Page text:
Scott Schrage, November 6, 2023
Huskers aim to launch first center for space agriculture
MULTIDISCIPLINARY CONSORTIUM STUDYING REALITIES OF GROWING FOOD ON MARS, MOON
It’s little wonder that so much of the early research into space exploration would orbit around escaping gravity’s grip, or that the source of that escape, the rocket, would occupy so many minds with the cosmic ambition to match their intellect.
But that ambition fueled the race to space at least as much as liquid hydrogen did. And so, as Nebraska U’s Yufeng Ge and Santosh Pitla witnessed the astronomical advances of their own era — reusable rockets landing back on Earth, a drone taking flight on Mars — the Husker engineers began thinking big about an aspect of space travel just obvious enough to often escape attention.
“We’ll be on Mars and the moon, we’ll have settlements — and people got to eat,” said Pitla, associate professor of biological systems engineering.
Before long, the duo was applying for and earning a two-year Grand Challenges grant from Nebraska’s Office of Research and Economic Development. Ge and Pitla’s long-term goal is about as grand as it gets: finding ways to sustainably grow food on space stations, the moon, Mars and other celestial bodies that might eventually sustain legions of the human kind. To do it, they formed the Consortium of Space, Policy, Agriculture, Climate and Extreme Environment — SPACE2, for short.
The consortium’s short-term aim doesn’t exactly lean modest, either. It may not rank with the near-vacuum of space, but Ge and Pitla would come to learn of a sizable void: No U.S. university features a center dedicated specifically to the study of space agriculture. The researchers want Nebraska to house the first.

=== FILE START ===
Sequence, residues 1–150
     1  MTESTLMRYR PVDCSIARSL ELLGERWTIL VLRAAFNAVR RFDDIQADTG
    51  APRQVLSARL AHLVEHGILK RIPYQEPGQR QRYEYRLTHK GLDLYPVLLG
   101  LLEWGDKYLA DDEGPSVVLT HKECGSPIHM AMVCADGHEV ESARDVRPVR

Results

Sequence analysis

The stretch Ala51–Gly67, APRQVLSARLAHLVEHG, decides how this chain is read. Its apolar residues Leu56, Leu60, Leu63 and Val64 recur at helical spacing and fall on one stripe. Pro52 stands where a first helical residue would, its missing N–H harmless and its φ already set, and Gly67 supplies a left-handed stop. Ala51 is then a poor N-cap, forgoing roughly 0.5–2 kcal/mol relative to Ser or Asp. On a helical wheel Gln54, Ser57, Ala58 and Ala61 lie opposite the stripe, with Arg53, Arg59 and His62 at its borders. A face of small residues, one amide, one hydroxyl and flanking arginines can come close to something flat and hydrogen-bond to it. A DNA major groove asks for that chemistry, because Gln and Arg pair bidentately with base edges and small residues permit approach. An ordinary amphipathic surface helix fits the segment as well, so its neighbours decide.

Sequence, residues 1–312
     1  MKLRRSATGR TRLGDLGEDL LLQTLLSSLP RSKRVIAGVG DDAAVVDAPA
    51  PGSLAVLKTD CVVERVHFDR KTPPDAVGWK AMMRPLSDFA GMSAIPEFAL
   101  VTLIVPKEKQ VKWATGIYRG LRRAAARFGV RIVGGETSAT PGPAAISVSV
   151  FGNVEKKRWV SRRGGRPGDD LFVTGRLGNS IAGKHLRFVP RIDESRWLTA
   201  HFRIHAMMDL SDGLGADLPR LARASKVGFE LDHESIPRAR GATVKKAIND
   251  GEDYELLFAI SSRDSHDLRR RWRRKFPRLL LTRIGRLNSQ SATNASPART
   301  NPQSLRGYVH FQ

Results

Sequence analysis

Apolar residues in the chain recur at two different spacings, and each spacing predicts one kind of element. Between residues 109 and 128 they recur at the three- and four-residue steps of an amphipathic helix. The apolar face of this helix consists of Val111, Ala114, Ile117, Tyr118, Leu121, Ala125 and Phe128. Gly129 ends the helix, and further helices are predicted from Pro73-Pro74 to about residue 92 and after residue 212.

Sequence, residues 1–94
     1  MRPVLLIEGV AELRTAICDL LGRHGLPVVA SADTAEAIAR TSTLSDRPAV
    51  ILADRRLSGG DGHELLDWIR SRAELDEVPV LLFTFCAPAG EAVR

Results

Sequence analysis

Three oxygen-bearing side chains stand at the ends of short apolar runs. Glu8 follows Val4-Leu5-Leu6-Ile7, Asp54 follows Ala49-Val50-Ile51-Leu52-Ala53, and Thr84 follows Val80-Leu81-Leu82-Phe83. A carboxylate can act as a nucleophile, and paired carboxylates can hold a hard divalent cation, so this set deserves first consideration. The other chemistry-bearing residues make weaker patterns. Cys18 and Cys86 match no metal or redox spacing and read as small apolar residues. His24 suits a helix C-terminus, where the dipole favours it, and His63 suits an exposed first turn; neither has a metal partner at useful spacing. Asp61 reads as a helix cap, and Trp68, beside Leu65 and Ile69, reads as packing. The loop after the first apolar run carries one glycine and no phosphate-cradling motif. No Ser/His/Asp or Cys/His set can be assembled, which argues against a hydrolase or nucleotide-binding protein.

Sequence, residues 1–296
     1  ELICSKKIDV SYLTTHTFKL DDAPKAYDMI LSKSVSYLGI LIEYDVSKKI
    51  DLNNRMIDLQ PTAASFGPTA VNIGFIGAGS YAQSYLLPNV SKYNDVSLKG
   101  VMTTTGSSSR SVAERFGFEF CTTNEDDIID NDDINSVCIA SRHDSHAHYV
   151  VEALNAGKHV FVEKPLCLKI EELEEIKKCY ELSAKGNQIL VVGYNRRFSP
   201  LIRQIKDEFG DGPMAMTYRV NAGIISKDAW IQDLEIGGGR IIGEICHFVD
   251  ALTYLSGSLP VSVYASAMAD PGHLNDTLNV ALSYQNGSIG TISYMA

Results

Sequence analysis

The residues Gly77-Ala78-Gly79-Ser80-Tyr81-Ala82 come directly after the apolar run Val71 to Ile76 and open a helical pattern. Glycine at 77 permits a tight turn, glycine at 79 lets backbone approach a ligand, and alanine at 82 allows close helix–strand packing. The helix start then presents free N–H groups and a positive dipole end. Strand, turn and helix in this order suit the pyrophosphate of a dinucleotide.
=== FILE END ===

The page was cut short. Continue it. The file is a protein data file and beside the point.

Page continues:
“If NASA or the big space companies — SpaceX, Virgin Galactic, Blue Origin — want to go out and work with a university, who would that be?” Pitla said. “We have been doing ag research for more than 100 years, and we’re an ag state.
“Why reinvent the wheel somewhere else when we already have all this experience?”
It helps, Ge said, that Nebraska U “sits very, very nicely in that intersection” of multidisciplinary expertise and force-multiplier collaboration that the rigors and relentlessness of space will demand. The university-housed Daugherty Water for Food Global Institute, the recent recipient of a $19 million grant to pursue sustainable irrigation and mechanization in developing countries, has long endeavored to grow more food with less water. Ge’s own research into ag-relevant sensors is likewise informing more precise, efficient application of fertilizer and water, both of which will prove even more precious in space than on Earth. Pitla has spearheaded the engineering and testing of Flex-Ro, an autonomous planter that can already seed a 5-acre, untilled field on its own.
“Before humans go to Mars, we’ll want some essential resources there — and for that, we will send robots,” Pitla said. “Think about a greenhouse on a spaceship that’s landed on Mars, and it’s already started growing food. You need a fully automated, robotic farmer that is doing those things even before humans arrive.”
The Department of Agronomy’s work in plant genetics, meanwhile, gets applied at the Greenhouse Innovation Center, where a combination of infrared cameras and AI-powered imaging analysis has accelerated the breeding of crop varieties that endure amid temperature extremes and drought.